Your banking institution or local consumer protection agency may also offer these services.
It’s worth noting that even if a company offering these services is a nonprofit that doesn’t mean their credit counseling services are free or even reasonably priced. Credit counseling agencies can charge high fees, so it’s important to shop around for an agency that charges fair prices.
Usually, there is a setup fee for DMPs and monthly fees. These plans typically last three to five years, so the costs can add up.
You can also request that the credit counseling agencies waive their fees. They may do this if you’re experiencing serious financial hardship, but it isn’t guaranteed.
To find a reputable credit counseling agency, do some research on any agencies you’re considering by consulting your state attorney general or local consumer protection agency. You should be able to see if any consumers have filed complaints about them. A lack of complaints isn’t a guarantee of competent service, but it’s a good place to start.
You can also interview any agencies you’re considering. The Federal Trade Commission (FTC) recommends asking the following questions:
What services do you offer? Ideally, you’ll work with a credit counselor that has multiple services available such as budget counseling as well as savings and debt management classes.
Do you offer complimentary education information? It’s best to avoid organizations that charge for information.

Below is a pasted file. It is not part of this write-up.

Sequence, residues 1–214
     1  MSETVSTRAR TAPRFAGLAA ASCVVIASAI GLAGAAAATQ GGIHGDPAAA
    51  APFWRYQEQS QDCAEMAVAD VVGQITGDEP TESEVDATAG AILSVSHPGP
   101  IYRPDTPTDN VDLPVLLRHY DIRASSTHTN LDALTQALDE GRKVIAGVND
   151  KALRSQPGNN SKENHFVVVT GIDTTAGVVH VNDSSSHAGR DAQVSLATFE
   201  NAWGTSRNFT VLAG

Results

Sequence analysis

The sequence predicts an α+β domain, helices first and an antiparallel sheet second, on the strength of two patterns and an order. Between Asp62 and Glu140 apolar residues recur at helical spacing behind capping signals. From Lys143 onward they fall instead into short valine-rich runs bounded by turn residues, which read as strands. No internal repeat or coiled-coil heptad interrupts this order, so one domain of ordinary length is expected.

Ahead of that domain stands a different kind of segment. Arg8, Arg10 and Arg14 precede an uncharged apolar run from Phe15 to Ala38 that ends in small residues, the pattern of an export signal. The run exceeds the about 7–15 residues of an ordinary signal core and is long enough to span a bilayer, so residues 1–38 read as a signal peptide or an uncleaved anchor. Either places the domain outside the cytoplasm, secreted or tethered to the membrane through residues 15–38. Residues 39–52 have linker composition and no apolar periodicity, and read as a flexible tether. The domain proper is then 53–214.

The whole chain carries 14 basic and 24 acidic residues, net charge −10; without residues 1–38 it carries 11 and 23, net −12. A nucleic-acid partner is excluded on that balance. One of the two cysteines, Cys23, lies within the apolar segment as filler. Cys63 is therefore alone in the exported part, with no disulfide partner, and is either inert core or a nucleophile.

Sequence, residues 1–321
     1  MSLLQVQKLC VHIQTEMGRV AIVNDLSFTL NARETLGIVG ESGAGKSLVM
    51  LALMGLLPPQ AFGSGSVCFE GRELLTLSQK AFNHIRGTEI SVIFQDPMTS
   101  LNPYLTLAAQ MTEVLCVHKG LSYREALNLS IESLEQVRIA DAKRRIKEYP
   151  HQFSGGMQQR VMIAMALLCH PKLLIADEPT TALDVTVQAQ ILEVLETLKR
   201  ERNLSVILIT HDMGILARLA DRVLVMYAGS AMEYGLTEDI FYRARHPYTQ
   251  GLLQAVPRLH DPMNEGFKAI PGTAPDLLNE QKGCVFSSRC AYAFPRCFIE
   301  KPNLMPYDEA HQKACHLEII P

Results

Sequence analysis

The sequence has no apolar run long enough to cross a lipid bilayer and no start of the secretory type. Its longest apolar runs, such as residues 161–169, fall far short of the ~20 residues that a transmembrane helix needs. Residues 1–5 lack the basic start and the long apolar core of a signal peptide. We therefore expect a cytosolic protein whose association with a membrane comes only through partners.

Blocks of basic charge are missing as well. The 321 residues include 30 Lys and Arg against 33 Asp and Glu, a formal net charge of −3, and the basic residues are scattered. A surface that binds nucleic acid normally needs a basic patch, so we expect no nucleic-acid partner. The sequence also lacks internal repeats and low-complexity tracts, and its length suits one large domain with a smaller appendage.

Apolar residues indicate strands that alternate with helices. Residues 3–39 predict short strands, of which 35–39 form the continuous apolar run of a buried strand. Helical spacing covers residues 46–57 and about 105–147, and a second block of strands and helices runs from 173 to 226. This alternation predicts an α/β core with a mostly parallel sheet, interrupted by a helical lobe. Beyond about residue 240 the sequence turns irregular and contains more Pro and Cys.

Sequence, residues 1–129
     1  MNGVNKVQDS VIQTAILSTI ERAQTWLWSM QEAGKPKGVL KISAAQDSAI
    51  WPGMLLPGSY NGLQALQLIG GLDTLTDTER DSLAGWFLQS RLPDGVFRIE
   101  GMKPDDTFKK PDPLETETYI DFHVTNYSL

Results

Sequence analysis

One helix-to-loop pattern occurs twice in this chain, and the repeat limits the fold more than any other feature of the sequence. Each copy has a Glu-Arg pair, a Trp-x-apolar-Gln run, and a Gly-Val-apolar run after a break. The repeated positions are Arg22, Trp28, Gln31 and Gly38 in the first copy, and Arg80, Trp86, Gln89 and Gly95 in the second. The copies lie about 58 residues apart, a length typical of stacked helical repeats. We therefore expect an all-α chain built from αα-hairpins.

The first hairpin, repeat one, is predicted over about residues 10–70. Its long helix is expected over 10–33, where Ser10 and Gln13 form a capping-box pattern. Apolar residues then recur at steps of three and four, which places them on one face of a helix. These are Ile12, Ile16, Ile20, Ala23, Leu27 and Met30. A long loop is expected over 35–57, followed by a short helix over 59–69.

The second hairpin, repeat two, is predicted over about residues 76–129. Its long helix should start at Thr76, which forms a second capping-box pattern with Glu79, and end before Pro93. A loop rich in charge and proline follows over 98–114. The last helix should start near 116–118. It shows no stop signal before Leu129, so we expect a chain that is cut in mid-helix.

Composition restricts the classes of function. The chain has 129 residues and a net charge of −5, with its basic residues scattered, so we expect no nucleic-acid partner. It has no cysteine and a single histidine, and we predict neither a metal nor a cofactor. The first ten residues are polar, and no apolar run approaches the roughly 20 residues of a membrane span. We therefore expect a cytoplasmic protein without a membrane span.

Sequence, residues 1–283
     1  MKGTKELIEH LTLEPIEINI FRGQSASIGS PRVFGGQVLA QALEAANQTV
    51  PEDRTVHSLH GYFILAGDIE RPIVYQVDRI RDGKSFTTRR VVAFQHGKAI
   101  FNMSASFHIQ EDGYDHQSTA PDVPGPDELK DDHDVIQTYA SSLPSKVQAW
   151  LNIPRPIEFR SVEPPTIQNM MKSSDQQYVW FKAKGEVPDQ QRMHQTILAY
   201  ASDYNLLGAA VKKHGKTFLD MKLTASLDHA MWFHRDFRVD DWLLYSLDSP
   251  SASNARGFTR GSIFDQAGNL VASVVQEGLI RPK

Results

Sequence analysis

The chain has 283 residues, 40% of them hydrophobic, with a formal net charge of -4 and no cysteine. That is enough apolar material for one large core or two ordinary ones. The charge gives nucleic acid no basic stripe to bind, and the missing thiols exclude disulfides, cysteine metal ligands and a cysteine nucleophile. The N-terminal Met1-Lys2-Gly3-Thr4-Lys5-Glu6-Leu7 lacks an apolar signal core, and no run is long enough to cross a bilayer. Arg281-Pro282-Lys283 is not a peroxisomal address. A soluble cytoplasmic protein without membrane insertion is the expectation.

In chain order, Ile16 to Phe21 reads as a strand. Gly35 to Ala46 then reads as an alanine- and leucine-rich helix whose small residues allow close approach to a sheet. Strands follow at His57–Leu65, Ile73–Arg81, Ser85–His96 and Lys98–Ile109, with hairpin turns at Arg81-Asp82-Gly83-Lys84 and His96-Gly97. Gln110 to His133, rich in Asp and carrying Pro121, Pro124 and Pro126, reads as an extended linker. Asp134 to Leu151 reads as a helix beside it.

Will you help me develop a plan to resolve my issues and avoid repeating past mistakes?
What are your fees? Ask for a price quote in writing.
What if I can’t afford to pay your fees or make contributions? If you can’t afford their services and they aren’t willing to lower their prices, find an agency that better meets your budget.
Will I have a formal written agreement or contract? Make sure you get any verbal promises they made in writing.
Are you licensed to offer your services in my state?
What are the qualifications of your counselors? Find out who accredited their counselors and how the counselors are trained. It’s a good idea to use an organization whose counselors are trained by a nonaffiliated party.
Will my information be kept confidential and secure?
How are your employees paid? You’ll want to know if their employees get paid more if you sign up for additional services, which is a major red flag.
Is credit counseling a good fit for me?
Like anything in life, credit counseling has advantages and disadvantages. It will be up to you to decide if it’s the right path forward for you.
While credit counseling can help you make a plan for paying off your debt and getting your financial ducks in a row, it’s a much better fit for consumers with credit card or personal loan debt.
If you’re struggling to pay off a mortgage, auto loan or any kind of secured loan debt, you can’t make it part of a DMP. In that case, you may find that applying for a balance transfer credit card or consolidation loan with a low interest rate is a better way to make paying off your debt easier. Again, it’s up to you to weigh the pros and cons.
Do you need help paying down your credit card debt? Tally† is a credit card debt repayment tool offering a lower-interest line of credit that can help streamline your repayment process. Learn more about how Tally works.
†To get the benefits of a Tally line of credit, you must qualify for and accept a Tally line of credit. The APR (which is the same as your interest rate) will be between 7.90% and 29.99% per year and will be based on your credit history. The APR will vary with the market based on the Prime Rate. Annual fees range from $0 - $300.